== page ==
Individual Water Supply Wells - Fact Sheet #3

"Recommended Residential Water Quality Testing" is available in English and Spanish PDF.

Recommended Residential Water Quality Testing

Water quality testing is important for new drinking water wells in addition to periodic evaluation of existing wells. The table below lists the recommended testing parameters for new individual residential water supply wells. These tests should be performed following proper well installation and development, and prior to homeowner use. Beyond these initial tests it is recommended to test for coliform bacteria every year and to periodically re-test water quality for other well-specific constituents of concern.

All samples should be analyzed by a laboratory certified by the NYSDOH Environmental Laboratory Approval Program (ELAP) for testing potable water. A current listing of ELAP laboratories may be accessed at or by contacting your Local Health Department (LHD).

Analysis Recommended MCL(1)(2) Concerns
Arsenic (3) 0.01 mg/l Cancer of the skin, bladder, lungs, kidneys and liver
Chloride 250 mg/l Salty taste
Coliform Bacteria Any positive result Indicator of possible disease causing contamination, e.g. Gastro-intestinal illness
Lead 0.015 mg/l Brain, nerve and kidney damage (especially in children)
Nitrate 10 mg/l as N Methemoglobinemia ("blue baby syndrome")
Nitrite 1 mg/l as N Methemoglobinemia ("blue baby syndrome")
Iron 0.3 mg/l Rust-colored staining of fixtures or clothes
Manganese 0.3 mg/l Black staining of fixtures or clothes; potential nervous system damage
Iron plus manganese 0.5 mg/l Rusty or black staining of fixtures or clothes
Turbidity 5 NTU Cloudy, "piggybacking" of contaminants, interferes with chlorine and UV-light disinfection
Sulfate 250 mg/l Laxative effect
pH No designated limit Pipe corrosion (lead and copper), metallic-bitter taste
Hardness No designated limit Mineral and soap deposits, detergents are less effective
Alkalinity No designated limit Inhibits chlorine effectiveness, metallic-bitter taste
Sodium No designated limit(4) Effects on individuals with high blood pressure
  1. MCL means maximum contaminant level. The MCLs listed are based upon requirements for Public Water Supply systems and are also recommended for use on individual residential systems.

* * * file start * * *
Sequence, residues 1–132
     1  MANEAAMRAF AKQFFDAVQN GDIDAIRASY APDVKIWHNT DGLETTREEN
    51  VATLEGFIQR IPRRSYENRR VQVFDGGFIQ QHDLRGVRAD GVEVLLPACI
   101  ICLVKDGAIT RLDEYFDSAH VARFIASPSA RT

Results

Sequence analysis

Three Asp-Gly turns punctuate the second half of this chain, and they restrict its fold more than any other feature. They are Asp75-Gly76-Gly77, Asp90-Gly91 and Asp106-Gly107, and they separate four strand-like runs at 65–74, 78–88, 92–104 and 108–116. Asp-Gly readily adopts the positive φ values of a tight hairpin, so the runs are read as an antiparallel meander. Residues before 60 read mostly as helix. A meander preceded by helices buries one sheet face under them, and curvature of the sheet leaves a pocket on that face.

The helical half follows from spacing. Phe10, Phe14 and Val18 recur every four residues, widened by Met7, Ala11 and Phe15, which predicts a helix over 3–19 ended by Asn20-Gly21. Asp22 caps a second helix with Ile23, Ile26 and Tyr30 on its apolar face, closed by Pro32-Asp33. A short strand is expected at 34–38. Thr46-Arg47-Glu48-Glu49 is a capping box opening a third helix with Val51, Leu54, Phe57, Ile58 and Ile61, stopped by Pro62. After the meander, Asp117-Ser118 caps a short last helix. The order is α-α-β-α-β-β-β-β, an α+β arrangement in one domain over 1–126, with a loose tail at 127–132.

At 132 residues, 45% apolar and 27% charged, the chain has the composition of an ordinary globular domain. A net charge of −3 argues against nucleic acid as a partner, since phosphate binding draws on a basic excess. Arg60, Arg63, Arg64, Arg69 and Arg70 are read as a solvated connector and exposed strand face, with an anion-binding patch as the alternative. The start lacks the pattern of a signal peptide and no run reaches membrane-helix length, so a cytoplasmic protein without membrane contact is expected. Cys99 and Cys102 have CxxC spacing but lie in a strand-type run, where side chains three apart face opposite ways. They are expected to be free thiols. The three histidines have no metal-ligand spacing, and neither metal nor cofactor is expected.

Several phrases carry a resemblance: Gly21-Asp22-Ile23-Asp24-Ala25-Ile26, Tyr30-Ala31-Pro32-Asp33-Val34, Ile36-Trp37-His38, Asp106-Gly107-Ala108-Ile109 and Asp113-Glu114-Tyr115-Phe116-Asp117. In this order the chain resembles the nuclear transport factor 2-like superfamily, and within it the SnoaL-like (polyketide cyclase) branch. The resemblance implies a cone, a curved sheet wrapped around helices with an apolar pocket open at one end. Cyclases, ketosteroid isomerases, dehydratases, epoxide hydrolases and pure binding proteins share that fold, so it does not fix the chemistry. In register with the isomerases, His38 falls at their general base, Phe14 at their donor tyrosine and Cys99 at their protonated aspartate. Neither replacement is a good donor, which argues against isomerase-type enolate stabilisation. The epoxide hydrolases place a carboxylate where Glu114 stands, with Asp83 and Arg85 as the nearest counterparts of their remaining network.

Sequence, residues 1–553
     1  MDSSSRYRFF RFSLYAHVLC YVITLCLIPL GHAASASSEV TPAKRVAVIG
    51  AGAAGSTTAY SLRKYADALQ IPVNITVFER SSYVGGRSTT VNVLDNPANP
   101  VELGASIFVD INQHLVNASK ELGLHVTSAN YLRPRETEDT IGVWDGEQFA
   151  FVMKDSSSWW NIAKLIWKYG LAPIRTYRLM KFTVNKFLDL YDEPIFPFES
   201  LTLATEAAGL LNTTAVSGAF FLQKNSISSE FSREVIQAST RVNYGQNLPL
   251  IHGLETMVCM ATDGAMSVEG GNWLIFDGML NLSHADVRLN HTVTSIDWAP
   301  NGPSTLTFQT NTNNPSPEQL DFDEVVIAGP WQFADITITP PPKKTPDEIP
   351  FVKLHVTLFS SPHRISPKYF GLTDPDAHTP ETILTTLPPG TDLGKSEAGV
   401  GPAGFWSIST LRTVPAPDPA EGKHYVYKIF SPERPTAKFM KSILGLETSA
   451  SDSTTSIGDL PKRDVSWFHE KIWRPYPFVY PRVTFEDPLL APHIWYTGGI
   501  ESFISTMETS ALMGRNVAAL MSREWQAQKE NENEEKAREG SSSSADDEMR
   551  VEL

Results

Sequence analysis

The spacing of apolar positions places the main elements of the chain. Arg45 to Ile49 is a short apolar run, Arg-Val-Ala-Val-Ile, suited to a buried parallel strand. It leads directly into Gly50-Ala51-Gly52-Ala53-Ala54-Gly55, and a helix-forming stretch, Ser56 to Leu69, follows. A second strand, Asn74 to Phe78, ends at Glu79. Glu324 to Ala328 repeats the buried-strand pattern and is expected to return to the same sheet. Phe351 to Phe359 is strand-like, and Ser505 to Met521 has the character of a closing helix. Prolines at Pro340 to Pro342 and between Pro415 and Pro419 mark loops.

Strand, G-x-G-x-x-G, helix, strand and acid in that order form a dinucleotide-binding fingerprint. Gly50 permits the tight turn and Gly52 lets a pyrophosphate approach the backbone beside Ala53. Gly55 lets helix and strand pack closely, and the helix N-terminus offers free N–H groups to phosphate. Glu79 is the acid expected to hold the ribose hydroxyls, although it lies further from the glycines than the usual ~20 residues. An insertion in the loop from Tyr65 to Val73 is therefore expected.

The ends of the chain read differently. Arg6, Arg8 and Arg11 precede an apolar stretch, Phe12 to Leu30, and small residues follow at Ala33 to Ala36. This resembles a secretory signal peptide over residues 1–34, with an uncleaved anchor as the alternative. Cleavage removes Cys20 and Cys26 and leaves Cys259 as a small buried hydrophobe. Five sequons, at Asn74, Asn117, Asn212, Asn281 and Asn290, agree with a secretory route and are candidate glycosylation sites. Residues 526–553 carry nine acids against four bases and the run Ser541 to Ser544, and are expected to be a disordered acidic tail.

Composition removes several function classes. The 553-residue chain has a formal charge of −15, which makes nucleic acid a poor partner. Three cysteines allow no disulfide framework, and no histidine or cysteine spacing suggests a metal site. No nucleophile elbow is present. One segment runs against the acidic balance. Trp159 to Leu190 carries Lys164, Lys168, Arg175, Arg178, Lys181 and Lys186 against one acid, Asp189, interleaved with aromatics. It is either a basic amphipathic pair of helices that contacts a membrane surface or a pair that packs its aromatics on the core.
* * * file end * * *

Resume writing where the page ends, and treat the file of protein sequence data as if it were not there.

2. mg/l means milligram per liter (parts per million); NTU means Nephelometric Turbidity Units.
  3. Contact your Local Health Department to determine if arsenic has been detected in local groundwater.
  4. Water containing more than 20 mg/l of sodium should not be used for drinking by people on severely restricted sodium diets. Water containing more than 270 mg/l of sodium should not be used by people on moderately restricted sodium diets.

Additional tests are recommended for naturally occurring constituents that appear on a regional basis such as: barium, fluoride, methane, radium, radon, and uranium. Additional tests may also be appropriate for contaminants associated with potential sources such as: oil storage facilities, junkyards, gasoline stations, landfills, industry, and active or historic agricultural use. Water samples from older existing residences or residences with corrosive water (i.e., pH less than 6.5) should be tested for lead and copper. In addition, you may wish to contact your LHD to check if any emerging contaminants have been detected in your area.

Some LHDs may have their own residential water quality testing requirements. Contact the LHD to determine their required analyses and procedures, and to inquire about any local water quality concerns.

The table below is based upon the United States Environmental Protection Agency's (USEPA) publication: "Drinking Water From Household Wells", January 2002, and may be used as a reference for determining additional testing.

Conditions or Nearby Activities: Test for:
Recurring gastro-intestinal illness1 Coliform bacteria, e-coli
Household plumbing contains lead (older homes) pH, lead, copper
Radon in indoor air or region is radon rich Radon
Corrosion of pipes, plumbing pH, lead, copper
Nearby areas of intensive agriculture Nitrate, pesticides, arsenic, coliform bacteria
Coal or other mining operations nearby Metals, pH, total dissolved solids
Gas drilling operations nearby Sodium, chloride, barium, strontium
Dump, junkyard, landfill, factory, gas station, or dry-cleaning operation nearby Volatile organic compounds, total dissolved solids, pH, sulfate, chloride, metals
Odor of gasoline or fuel oil, and near gas station or buried fuel tanks Volatile organic compounds
Objectionable taste or smell Hydrogen sulfide, pH, metals
Stained plumbing fixtures, toilet tanks or laundry Iron, copper, manganese, hardness
Salty taste and seawater, or a heavily salted roadway nearby Sodium, chloride, total dissolved solids
Scaly residues, soaps don't lather Hardness, chloride, sodium
Rapid wear of water treatment equipment pH, iron, manganese, hardness
Water softener needed to treat hardness Hardness, manganese, iron
Water appears cloudy, frothy, or colored Color, detergents, turbidity, total dissolved solids
Reddish-brown films on fixtures or toilet tanks Iron bacteria, iron, manganese

1 Individuals with symptoms of gastro-intestinal illness should seek the attention of a medical physician.

Sampling and Treatment
  1. Sampling for lead and coliform may give false results if sampling is not done properly. Please contact your Local Health Department for guidance on sampling and interpreting results.
  2. If testing shows any level above the recommended MCL, a new water source and/or treatment may be necessary. Please contact your Local Health Department for guidance.

Other sources of information that may be helpful:

For questions concerning this Fact Sheet or a copy of Appendix 5-B: contact